One of ICRI Nepal’s most exciting projects is the National Center on Learning Resouces. Housed in ICRI’s office in Kathmandu, the project provides innovative education training programs for pre-primary and primary school educators. NCLR’s mission is “To transform the dull, rote memorization-focused, un-stimulating and teacher-centric Nepali school education system into learning environments that are joyful, meaningful, creative, and child-friendly.”
How does NCLR take on this admittedly huge task? Through providing off-site trainings to teachers, led by the country’s best and brightest early childhood educators, as well as going on-site to work intensively with teachers and school administrators to literally transform their classrooms. In later posts I’ll show some of the results of these amazing on-site transformations. But for now I want to focus on the off-site training that is critical to NCLR’s success.
During my trip to Nepal, I had the opportunity to participate in a half-day training session led by three esteemed early childhood experts. This training was one of just many attended by a core group of nearly 50 early childhood educators from Kathmandu, the majority of whom work in extremely resource-challenged schools serving low-income children and families.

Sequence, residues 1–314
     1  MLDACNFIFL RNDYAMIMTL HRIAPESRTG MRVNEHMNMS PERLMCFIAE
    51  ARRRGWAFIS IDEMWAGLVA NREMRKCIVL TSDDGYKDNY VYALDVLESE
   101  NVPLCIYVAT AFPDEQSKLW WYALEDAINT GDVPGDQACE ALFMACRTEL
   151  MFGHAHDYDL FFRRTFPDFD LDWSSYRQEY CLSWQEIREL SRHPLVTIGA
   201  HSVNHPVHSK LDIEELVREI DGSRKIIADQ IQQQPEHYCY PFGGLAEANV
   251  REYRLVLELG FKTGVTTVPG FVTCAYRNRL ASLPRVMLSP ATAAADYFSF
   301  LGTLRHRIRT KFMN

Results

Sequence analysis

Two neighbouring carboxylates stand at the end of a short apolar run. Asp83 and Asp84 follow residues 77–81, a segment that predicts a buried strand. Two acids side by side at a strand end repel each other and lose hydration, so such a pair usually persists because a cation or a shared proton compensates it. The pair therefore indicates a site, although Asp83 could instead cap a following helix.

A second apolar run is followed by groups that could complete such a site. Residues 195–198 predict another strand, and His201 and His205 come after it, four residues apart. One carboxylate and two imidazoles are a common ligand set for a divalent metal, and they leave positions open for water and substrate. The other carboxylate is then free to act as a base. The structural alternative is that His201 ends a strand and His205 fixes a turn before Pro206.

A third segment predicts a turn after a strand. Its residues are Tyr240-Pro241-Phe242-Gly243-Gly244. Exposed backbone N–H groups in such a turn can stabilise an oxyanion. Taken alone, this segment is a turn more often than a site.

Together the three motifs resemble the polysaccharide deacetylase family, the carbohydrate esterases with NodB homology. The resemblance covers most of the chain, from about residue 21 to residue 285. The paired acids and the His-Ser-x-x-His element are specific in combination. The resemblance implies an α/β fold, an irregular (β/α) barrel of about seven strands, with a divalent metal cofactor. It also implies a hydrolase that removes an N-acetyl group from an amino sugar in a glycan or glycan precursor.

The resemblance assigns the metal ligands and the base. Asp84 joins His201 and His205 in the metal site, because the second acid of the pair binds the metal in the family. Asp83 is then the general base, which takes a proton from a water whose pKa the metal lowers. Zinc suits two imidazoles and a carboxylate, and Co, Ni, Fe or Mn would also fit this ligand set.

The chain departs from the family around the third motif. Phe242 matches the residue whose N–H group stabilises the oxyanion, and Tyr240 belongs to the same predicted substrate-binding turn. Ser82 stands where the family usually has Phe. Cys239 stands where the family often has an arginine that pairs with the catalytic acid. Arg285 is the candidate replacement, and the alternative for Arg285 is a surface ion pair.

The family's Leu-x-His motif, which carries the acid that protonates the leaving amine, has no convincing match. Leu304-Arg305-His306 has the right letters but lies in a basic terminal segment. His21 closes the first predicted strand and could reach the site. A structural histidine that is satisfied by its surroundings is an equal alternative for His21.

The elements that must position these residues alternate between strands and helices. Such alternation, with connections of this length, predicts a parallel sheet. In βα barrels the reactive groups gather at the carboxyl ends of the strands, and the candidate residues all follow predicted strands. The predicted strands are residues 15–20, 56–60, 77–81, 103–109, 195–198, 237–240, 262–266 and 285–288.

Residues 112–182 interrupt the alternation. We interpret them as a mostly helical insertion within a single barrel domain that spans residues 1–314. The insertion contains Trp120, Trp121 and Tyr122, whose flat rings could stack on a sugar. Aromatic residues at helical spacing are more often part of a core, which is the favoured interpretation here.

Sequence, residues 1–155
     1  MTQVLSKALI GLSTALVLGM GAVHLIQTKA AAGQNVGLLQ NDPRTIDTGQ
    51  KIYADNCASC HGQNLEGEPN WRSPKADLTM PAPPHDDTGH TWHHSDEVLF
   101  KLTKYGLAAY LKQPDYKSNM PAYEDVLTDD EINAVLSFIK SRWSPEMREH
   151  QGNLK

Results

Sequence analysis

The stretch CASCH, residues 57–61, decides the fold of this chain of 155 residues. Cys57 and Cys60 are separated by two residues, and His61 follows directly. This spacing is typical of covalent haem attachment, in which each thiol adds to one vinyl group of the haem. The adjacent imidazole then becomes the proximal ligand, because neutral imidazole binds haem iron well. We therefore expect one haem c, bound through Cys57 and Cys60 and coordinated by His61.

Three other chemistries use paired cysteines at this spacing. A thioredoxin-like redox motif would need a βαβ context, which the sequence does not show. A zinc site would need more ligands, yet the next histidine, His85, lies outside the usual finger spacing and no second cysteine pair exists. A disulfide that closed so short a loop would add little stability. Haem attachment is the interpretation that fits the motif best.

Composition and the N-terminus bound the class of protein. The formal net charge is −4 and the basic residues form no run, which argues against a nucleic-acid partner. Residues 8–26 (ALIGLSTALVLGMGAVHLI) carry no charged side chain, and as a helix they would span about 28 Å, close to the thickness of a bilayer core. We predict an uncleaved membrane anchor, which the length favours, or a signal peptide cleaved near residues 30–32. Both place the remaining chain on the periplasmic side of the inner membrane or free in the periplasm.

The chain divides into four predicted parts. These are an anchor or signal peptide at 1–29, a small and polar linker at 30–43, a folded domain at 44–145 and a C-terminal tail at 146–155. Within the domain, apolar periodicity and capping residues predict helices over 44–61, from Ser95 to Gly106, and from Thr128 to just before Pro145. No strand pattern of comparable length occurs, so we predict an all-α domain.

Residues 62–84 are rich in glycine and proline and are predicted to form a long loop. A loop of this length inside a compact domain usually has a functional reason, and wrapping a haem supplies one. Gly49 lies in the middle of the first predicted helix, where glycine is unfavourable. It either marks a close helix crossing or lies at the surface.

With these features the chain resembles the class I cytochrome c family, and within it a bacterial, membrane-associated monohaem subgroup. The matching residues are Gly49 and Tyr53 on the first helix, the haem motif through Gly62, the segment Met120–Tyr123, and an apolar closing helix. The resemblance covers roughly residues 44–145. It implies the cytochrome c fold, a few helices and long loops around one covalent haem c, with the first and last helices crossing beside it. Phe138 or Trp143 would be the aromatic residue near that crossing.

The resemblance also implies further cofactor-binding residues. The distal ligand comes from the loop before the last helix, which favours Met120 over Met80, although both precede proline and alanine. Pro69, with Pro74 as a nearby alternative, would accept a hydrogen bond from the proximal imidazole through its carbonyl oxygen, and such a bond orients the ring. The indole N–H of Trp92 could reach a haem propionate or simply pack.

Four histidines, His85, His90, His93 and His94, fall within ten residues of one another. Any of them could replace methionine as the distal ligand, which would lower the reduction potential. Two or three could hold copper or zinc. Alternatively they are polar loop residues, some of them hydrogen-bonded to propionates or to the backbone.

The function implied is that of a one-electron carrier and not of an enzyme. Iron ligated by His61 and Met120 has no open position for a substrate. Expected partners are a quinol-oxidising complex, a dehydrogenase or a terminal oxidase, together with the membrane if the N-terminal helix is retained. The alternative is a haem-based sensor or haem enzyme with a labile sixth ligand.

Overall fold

As one participant shared during the session, “We come here to these trainings because we get something we haven’t gotten anywhere else- the message that learning should be joyful! Teaching should be joyful! Before, I thought my students learned best when they were quiet, passive. Now I realize that their excitement and activity is a sign that they are actually learning and developing.”
Although side-by-side on-site training in the teachers’ own classrooms is a critical part of NCLR, in Kathmandu I realized just how important these off-site trainings are to achieving the project’s mission. Even after a classroom has been transformed into a child-friendly learning environment, in that space a teacher must still be a teacher: the leader who is responsible for the wellbeing of her students. But by taking teachers out of their classrooms, by allowing them to be students themselves, to have an opportunity to personally experience the joy of creative learning, an even deeper level of transformation starts to occur.